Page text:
> but "everything" might be some 50 MB of real core goods: cat, ls,
> bash, etc.  X11, KDE, etc.  run-time libaries.  No ftpd, telnetd,
> httpd, etc. - these are not newbie toys.

httpd allows CGI scripts for better handling of docs that what you can
do with plain HTML.  This is used in Caldera but not in Indy.

I agree about telnetd and ftpd wgose sole intereeeest in most home
boxes is allowing some never-do-well to try to intrude in it.

> One of the things that is mighty scary to UNIX newbies is the sense
> that one gets that the system owns everything.  I would propose
> putting everything we know and love today under /linux, leaving the
> top of the filesystem to read: /linux /.lost+found, /disk, /apps,
> /home.  /disk has the mount points for your removable media
> (/disk/zip, /disk/floppy, etc. which automount on insertion, -o sync)
> and you windows partitions (/disk/c, /disk/d, etc.).  /apps fills
> the role of /opt in some terminologies.  /home gets user directories.

Problem is the apps look for another hierarchy.

> Perhaps we've already discussed the concept of the "default user"?

This is something I have in mind: the one who is the same physical
person than root but no root rights at leaset not the full of them.
For instance he should automatically get messages sent by daemons to
root.  Presently the user is supposed to discover about this and
configure mail by hand.

> Who you are if you've not decided to create a user account yet?
> Perhaps user tux, group tux, uid.gid = 1001.1001?  Whatever this user
> is called, it should own the root directory, mode rwxrwxrwt.  That
> way there's no question about who owns *this* disk.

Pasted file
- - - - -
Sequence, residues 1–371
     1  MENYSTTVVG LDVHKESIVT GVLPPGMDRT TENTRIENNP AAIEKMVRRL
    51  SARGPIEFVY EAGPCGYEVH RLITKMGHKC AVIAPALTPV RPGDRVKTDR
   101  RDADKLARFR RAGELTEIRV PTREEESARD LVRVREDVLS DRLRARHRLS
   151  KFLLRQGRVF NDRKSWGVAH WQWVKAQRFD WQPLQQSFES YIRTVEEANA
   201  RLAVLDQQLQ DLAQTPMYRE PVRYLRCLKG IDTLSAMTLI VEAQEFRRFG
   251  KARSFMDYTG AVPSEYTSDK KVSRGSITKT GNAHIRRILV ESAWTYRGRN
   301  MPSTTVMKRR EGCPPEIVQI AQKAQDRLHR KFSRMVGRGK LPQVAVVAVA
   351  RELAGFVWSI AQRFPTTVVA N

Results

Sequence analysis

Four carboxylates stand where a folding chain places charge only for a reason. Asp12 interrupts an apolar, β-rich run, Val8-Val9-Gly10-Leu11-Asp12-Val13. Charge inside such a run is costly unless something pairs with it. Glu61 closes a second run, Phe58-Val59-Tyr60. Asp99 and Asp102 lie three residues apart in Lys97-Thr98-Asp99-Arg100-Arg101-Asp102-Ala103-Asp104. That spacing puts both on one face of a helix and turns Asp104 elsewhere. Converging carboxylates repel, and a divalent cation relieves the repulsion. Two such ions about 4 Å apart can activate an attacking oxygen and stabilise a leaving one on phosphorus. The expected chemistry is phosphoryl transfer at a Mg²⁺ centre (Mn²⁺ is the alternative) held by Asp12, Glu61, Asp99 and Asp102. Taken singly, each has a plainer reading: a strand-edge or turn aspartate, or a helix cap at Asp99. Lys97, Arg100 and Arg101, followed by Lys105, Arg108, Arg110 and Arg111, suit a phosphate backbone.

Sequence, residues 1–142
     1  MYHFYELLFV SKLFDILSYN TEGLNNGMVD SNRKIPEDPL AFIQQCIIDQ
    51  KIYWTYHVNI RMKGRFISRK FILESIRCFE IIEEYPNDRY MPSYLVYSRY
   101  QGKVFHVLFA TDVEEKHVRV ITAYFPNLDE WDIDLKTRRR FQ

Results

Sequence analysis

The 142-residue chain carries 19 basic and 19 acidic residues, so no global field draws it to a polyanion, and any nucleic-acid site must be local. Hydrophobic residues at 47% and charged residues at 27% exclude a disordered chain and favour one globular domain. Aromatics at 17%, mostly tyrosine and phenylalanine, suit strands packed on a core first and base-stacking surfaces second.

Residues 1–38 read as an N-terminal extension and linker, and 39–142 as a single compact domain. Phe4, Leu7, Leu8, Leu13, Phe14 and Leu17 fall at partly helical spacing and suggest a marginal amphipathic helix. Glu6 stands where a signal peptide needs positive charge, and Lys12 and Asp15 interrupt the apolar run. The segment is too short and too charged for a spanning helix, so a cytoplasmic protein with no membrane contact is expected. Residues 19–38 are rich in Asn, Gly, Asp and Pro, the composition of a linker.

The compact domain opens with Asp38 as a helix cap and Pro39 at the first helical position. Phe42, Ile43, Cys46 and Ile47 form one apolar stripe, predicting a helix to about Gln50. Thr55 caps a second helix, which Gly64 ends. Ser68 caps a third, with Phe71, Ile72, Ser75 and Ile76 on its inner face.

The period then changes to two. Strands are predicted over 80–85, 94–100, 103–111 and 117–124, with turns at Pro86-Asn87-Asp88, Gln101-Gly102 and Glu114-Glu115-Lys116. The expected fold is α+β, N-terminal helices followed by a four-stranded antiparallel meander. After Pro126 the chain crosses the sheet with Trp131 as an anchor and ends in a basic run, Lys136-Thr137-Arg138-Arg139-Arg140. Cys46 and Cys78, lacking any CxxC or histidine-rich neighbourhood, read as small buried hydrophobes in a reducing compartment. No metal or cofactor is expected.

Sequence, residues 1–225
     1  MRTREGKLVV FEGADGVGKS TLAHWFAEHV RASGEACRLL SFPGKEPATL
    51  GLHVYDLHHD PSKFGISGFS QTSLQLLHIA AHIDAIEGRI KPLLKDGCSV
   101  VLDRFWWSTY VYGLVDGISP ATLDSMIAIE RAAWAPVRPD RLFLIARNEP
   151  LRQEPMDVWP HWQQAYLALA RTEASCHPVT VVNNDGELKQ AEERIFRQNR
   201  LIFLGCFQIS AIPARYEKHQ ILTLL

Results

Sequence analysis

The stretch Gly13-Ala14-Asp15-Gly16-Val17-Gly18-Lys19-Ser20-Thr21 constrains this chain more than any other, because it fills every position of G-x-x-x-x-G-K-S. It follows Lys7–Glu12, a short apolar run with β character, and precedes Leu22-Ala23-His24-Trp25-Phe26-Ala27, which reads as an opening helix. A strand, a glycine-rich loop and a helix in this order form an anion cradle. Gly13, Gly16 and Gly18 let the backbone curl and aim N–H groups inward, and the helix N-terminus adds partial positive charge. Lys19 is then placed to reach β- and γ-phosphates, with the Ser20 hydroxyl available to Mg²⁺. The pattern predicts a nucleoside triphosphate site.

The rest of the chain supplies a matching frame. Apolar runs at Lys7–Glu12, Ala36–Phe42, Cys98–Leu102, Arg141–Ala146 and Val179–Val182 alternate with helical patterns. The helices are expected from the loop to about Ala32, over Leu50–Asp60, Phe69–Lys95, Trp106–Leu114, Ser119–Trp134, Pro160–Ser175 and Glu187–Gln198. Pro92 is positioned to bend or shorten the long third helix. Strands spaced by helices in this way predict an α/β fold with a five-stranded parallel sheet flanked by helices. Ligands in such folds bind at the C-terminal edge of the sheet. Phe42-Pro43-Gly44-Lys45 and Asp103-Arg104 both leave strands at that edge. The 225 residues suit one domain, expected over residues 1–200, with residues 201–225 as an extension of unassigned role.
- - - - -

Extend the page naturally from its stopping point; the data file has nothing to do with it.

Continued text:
I disagree.  Problem is that too many things could be done by tux.
Like spreading virusses or breaking things.  Remember that you are
supposed not do normal work as root, avoid untrusted programs and in
addition you spend only little time (thus you can keep concentration)
as root.

> I know a lot of this flies counter to the desire to stick close to
> a Red Hat based system but I've been walking around with this stuff
> in my head for months and had to get it out there somewhere.

I am certainly not happy about this RedHat defaults the box to
server/like with about every daemon defaulted to started, some of them
like NFS being dangerous and in addition useless for many home users.

Also I never dared to try the canned installs but at the end of Custom
install there is a surrealistic dialog where they ask you if you want
httpd, atd, smbd started.  I would like to know if it is in Server and
Worksttion installs

> Oh, yea: startup.  Init state 4: nobody's listening on the net because
> we're a client box and ONLY a client box.  KDE session starts (as in
> startkde) on the console under the default user id.  No login.  I turn
> it on, it comes up, I go to work.

I agree about we need an X level without daemons (but we need to
fix every chkconfig file in the distrib and it will be impossible for
0.2).  I don't agree about nologins: most people would be happy being
protected against mistakes of another person in their family, plus
trojan/virusses coming from programs installed by your kids.

The KDE (and I think Gnome) Display maneger allows you to login by
just clicking on your photo.  But you still need a password.  And I
think this is right: otherwise the virus just issues commands using
"su -c".

			Jean Francois Martinez

Project Independence: Linux for the Masses